The Somerville Human Rights Commission is planning the production of a video documenting the experiences of the city’s immigrant restaurant owners. Work on the project, which is called the “Immigrant Stories Project,” began at the commission’s supplemental meeting on March 3. Members of the commission delivered an update during a regularly scheduled meeting on March 17.
“[The project] would like to celebrate the enrichments given to the community, from the diversity brought from immigrants … to highlight their own stories, their backgrounds, but also in order to achieve a better understanding of how we as a community, and especially specifically from the Human Rights Commission, can be supportive of their needs and their challenges,” Human Rights Commission commissioner Lara Versari said at the March 17 meeting.
Much of the project’s work so far has focused on composing letters to the immigrant business owners. Sidd Pattanayak, the member of the commission who ideated the project, has written a preliminary draft that includes questions for restaurant owners as well as directions for how to contribute to the project. The draft of the letter that will be sent to restaurant owners reflects the Commission’s commitment to sharing the stories of immigrant business owners.
“The Commission’s purpose is to work towards achieving mutual respect and understanding among all individuals and groups in the City of Somerville, including the improvement of quality of public discourse,” the draft reads.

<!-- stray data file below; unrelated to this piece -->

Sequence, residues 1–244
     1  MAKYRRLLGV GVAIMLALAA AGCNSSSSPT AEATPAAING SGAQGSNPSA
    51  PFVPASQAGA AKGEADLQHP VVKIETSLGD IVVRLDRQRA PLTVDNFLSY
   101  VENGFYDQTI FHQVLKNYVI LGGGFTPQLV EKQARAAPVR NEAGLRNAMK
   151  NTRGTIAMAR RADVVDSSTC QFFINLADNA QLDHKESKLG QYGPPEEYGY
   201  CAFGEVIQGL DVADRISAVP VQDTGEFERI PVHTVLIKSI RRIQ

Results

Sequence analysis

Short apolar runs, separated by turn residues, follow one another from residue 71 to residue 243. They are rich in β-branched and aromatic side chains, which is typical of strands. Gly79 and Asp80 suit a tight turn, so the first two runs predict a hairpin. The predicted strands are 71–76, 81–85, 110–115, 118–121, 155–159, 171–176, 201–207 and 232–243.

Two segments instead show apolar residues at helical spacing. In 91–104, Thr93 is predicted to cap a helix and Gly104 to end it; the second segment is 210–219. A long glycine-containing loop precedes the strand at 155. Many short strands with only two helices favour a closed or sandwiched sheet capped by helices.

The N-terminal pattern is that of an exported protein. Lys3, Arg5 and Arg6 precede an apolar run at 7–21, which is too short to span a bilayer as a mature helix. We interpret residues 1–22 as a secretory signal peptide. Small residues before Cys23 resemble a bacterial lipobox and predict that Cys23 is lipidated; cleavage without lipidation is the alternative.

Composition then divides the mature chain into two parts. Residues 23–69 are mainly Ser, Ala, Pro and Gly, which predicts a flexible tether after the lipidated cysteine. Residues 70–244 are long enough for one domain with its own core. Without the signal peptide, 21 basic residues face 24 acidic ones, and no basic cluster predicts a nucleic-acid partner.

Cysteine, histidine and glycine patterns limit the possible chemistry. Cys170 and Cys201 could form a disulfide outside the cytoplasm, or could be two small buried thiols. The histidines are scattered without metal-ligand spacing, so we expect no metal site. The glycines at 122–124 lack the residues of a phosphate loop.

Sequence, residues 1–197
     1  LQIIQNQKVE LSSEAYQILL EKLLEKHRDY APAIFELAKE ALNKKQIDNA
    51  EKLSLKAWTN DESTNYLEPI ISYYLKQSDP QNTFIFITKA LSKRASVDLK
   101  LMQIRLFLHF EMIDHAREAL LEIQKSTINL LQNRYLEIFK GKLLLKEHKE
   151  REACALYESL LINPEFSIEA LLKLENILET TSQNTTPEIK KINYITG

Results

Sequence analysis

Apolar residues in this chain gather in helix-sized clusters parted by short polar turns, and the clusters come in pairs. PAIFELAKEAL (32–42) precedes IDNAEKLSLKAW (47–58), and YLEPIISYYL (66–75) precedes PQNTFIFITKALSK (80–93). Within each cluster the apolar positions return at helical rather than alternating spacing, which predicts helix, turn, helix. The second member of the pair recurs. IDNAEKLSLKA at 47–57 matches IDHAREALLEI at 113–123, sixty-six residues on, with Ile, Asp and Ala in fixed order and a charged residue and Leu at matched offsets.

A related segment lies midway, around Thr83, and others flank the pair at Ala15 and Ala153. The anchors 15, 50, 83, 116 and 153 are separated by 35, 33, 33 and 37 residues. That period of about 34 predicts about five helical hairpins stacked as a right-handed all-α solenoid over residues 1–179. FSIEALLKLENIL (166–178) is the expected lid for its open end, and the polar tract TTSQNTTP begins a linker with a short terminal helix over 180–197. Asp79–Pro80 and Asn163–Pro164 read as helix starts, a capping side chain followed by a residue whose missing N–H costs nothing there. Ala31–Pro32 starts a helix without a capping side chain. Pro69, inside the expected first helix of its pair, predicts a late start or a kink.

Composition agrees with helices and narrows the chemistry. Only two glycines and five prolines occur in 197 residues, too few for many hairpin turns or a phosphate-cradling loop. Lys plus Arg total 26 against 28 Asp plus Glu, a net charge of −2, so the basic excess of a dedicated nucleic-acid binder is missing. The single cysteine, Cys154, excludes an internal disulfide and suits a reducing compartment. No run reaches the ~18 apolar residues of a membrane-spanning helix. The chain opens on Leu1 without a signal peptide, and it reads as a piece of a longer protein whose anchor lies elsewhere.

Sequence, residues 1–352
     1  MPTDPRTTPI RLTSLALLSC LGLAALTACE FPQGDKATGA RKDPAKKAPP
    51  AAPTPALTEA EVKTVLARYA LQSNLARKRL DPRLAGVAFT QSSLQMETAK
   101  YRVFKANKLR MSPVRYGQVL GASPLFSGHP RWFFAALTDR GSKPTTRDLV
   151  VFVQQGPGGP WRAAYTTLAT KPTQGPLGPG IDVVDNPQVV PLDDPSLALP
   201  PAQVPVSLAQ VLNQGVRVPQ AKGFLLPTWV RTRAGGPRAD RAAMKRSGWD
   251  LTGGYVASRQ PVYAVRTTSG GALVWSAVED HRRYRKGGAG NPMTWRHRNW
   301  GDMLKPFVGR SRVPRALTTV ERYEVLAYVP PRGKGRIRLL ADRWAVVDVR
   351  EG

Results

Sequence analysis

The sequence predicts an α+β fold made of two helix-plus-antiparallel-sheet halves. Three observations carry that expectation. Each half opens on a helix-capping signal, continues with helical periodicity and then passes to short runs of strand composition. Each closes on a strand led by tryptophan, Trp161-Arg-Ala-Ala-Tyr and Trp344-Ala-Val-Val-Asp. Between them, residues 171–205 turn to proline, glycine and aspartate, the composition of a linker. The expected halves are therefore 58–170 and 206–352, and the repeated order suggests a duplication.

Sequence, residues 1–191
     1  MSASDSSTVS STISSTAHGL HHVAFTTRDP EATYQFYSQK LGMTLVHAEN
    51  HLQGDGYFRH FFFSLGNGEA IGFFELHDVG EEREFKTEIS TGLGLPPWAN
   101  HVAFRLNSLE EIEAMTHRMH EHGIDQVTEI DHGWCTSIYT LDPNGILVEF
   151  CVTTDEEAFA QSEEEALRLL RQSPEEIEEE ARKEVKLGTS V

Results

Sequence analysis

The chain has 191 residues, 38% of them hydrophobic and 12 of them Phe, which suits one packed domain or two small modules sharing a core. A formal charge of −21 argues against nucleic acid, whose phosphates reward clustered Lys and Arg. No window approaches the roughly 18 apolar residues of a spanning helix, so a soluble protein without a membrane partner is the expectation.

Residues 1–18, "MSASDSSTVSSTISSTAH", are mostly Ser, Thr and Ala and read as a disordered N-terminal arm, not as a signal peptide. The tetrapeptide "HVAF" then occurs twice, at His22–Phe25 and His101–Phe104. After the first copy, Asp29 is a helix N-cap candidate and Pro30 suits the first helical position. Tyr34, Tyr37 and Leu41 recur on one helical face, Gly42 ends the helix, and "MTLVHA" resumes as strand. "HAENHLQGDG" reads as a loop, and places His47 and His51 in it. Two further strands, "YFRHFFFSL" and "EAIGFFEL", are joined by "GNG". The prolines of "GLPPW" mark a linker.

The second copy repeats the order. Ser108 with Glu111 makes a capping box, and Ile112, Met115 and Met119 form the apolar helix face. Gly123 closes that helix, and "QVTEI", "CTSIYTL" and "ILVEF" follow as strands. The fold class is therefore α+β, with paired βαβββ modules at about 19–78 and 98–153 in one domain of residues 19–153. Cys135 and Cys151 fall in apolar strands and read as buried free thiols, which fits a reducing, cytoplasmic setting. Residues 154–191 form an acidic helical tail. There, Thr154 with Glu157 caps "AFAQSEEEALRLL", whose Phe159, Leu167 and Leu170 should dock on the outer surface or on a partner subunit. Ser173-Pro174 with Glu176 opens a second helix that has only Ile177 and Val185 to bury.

Versari explained why this project is important to her.
“I am mostly interested in inclusion and protection of the rights of immigrants and other minority communities,” Versari said.
Michael Henson, one of the commissioners of the Human Rights Commission, echoed Versari and reaffirmed his dedication to supporting immigrant communities.
The planned letter to immigrant business owners also reflects this passion, highlighting the Commission’s appreciation of Somerville’s diverse immigrant community.
“We would like to showcase the restaurants in our city that offer so many diverse cuisines that originate from Europe to Asia to Africa to South America, and everywhere in between,” the draft reads. “And so many of these restaurants were started by immigrants who brought their native dishes from their home countries to America (and Somerville).”
The letter asks recipients to record footage of the interior and exterior of their restaurants, their favorite dishes being prepared or served and their responses to a series of questions listed. The questions ask owners to focus on the history of their restaurants, the cuisine they serve and the challenges they have faced during the pandemic. The questions also ask owners to reflect on how their businesses might “[contribute] to the diversity of Somerville.”
Aside from the “Immigrant Stories Project,” the commission is currently working to combat hate crimes, specifically by encouraging public discussion and education.
“I like to think that the HRC is able to maneuver when these things come up, you know, to try to address these things, and that’s … why we’re here,” Henson said.
Work on the “Immigrant Stories Project” will continue under a subcommittee organized by the Human Rights Commission. According to Henson, this group will fine-tune the letter before sending it. It will also compile video clips from business owners and edit them into one video, which will be distributed on YouTube and the city’s other social media channels.